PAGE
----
Lil Uzi Vert Luv Is Rage 2

[Atlantic; 2017]

Rating: 3.5/5

Styles: rap, a push to the edge
Others: Playboi Carti, Lil Yachty, XXXTentacion

Someone had to take the year; why not Lil Uzi Vert? After an impossibly quick rise to prominence in 2016, Uzi’s become the de facto big-budget feature for any artist looking to boost a prospective single or romance the legion of rap fans activated by the emergence of SoundCloud as the genre’s proving ground. In this way, Uzi stifles his competition by making himself an indispensable part of their successes. Not only is “XO Tour Llif3” the runaway favorite for the year’s defining song, but its primary rival “Magnolia” is both inconceivable in a world without Lil Uzi Vert and taken from an album with not one, but two scene-stealing features from Uzi himself.

The Uzi phenomenon isn’t a complete mystery. In a relative sense, he presents a sort of family-friendliness that his peers lack. By and large, there’s not a meaningful difference in his lyrical content, but there’s also little evidence that the Tipper Gores of the world are arbitrating decency based on actuality so much as expectation. Rather, there’s a distinction worth investigating rooted in Uzi’s perception as non-threatening: closer to five feet than six, apt to have hair of any color depending on the day, and seemingly unconcerned with any particular sartorial expectations of rappers (or men, for that matter), he’s simultaneously one of the least conventional rap stars imaginable and the natural byproduct of the genre’s long-gestating penetration of the entirety of American culture.

The optimist would see Lil Uzi Vert as merely the most visible member of his own fanbase, separated from them only by a natural charisma and a platform upon which to express it. Indeed, it’s difficult to appraise Uzi as some sort of cunning mastermind, somehow divining a massive unserved market of internet-bound anime fans craving a rapper to rally around; rather, it’s a vindication of the idea that the democratization of music production has only strengthened the ability of listeners to discover the music that speaks to them most directly. More broadly, Uzi’s success feels like the culmination of a shift from rap as a lens of representational, sociological interest to a suffix destined to be appended to any other cultural phenomenon.

This is how we arrive at “emo rap,” a remarkably canny fusion to probe. Should we assume his persona to be genuine, Uzi’s greatest challenge in breaking into the rap game was always going to be the question of authenticity or hardness. Dabbling in the territory of Motion City Soundtrack short-circuits that critique by inviting overwrought theatricality into the genre equation. Again, it’s the natural byproduct of rap’s pop metastasization; rather than a singular “rap” sound, full immersion requires that the genre mutate to incorporate its opposites. Even if heavy-handed at times, this fusion can only result in new sonic ground being broken. Operating as Uzi does in the “No one understands me/ I am lost at sea” stratum of emotional signification, something as simple as the obscuration of vocals in the intro of “Pretty Mami” can carry great weight; so too do revised expectations allow for the hook of “The Way Life Goes” to exist. Rather than letting Future or YoungBoy Never Broke Again’s emotion-by-omission be the end-all, leaning into the infamous “Push me to the edge/ All my friends are dead” instead situate them on a spectrum of malaise.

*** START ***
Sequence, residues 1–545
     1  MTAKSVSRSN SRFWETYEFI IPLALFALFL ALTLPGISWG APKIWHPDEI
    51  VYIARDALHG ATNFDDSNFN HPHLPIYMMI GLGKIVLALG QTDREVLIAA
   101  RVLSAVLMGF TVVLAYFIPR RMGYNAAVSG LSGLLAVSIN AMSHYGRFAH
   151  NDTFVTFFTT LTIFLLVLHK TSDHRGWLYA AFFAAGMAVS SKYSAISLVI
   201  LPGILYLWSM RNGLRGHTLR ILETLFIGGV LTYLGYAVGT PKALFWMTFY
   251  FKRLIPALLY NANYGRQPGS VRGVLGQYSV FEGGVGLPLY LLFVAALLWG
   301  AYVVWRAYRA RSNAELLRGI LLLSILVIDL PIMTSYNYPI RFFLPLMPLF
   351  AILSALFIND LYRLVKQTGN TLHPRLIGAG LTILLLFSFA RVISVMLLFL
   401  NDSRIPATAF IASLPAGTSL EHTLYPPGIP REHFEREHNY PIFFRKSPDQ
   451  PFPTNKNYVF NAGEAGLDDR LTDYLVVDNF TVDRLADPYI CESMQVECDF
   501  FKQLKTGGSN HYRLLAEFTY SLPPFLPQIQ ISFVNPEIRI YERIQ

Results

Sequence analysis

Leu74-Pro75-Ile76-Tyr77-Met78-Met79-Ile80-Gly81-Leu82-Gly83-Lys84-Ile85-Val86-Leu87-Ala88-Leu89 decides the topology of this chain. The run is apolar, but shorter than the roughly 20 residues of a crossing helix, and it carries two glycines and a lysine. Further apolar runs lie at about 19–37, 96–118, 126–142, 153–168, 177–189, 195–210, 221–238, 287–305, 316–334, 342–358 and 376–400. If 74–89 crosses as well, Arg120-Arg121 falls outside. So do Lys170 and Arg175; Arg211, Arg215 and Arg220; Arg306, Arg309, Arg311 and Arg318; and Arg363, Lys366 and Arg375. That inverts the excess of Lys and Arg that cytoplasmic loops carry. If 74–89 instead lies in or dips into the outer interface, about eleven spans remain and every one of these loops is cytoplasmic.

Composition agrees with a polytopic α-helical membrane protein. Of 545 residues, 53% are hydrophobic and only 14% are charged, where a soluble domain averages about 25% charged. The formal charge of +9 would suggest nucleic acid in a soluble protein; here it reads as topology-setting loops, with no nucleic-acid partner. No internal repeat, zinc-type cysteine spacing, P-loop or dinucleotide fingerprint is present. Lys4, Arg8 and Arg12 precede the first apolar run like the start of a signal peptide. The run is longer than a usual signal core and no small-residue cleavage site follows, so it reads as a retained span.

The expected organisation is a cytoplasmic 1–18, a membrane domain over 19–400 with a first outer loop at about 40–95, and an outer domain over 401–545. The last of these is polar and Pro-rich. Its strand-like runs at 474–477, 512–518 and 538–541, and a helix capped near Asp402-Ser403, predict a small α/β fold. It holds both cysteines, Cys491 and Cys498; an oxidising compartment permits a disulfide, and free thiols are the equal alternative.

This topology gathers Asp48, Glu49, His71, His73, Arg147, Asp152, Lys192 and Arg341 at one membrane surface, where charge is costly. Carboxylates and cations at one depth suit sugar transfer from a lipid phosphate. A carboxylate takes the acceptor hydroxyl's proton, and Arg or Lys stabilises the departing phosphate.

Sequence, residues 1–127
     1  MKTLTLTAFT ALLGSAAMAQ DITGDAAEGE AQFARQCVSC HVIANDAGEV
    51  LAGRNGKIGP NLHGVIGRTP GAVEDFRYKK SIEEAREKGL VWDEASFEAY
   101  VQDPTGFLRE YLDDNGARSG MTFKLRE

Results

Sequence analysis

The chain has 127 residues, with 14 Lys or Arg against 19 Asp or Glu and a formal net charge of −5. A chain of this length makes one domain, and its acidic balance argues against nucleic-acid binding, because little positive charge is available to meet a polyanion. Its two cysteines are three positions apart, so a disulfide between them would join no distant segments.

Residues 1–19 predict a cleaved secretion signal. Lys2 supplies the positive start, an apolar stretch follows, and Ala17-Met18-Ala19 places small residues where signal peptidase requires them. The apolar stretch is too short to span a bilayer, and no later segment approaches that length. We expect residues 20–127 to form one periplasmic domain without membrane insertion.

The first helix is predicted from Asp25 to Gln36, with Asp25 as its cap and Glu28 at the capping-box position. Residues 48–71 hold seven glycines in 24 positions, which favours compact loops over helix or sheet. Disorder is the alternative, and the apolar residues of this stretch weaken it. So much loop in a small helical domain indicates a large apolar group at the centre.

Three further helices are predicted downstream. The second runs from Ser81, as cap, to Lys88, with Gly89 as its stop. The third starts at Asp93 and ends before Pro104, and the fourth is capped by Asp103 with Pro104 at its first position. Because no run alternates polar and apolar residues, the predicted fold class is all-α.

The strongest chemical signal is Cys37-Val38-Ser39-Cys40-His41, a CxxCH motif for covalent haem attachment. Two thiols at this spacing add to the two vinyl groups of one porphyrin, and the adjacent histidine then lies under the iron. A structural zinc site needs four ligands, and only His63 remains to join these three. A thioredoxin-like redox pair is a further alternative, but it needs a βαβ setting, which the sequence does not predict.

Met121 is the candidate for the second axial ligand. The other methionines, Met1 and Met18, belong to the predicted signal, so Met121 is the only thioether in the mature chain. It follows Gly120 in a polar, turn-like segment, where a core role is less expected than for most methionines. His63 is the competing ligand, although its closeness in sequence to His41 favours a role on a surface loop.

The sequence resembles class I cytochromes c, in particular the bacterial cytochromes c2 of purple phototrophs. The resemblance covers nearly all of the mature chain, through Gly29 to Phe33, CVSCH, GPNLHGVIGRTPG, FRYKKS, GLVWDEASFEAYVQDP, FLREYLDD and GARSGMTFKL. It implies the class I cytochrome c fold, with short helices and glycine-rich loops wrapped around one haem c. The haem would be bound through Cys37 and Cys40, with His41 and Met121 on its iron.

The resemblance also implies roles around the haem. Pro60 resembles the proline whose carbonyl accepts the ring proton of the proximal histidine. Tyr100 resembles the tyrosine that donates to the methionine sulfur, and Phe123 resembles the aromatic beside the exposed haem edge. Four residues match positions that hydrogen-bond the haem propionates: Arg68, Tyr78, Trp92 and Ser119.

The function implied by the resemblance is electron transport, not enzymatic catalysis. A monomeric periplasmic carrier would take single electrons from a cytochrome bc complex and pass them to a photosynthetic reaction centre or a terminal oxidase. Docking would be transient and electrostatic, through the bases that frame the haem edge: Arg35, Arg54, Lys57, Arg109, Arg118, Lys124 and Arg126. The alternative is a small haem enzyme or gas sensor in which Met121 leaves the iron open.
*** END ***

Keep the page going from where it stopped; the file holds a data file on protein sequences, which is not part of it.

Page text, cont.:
Which is great news: the two prior examples are extreme and could justifiably be received with a roll of the eyes, but it’s at the midpoint of the two genres’ once-inflexible definitions — the zone of actual intermixing — that real progress lies. By and large, the beats on Luv Is Rage 2 are as unprecedented in rap as Uzi’s elastic personality, the mark of a star who’s finally big enough to command production catered to his own style. “444+222” centers on a loop of what sounds like a particularly musical fire alarm, and “How To Talk” sees the hyperactivity of the rest of the album and raises with the inclusion, out of nowhere, of a saturated kick drum straight out of a jumpstyle track.

Because rap is ever-entrepreneurial, there are a couple odd inclusions targeted directly at the unconverted fanbases of other rappers: “Malfunction” surely entered life as a Kevin Gates track; “Early 20 Rager” recalls the Chief Keef-lite comparisons that haunted Uzi’s early career; and like every Weeknd feature, “UnFazed” sounds like it was sold to the rapper as a hook/verse/beat package deal. But on the whole, Lil Uzi Vert’s omnipresence is only reinforced by the extent to which Luv Is Rage 2 functions as both a survey of the rap landscape and a distinctly Uzi album. The breadth of sounds covered will scan as inconsistency to all but the most pious Uzi devotees, but it’s hard to imagine anything else serving as a more comprehensive document of rap in 2017.

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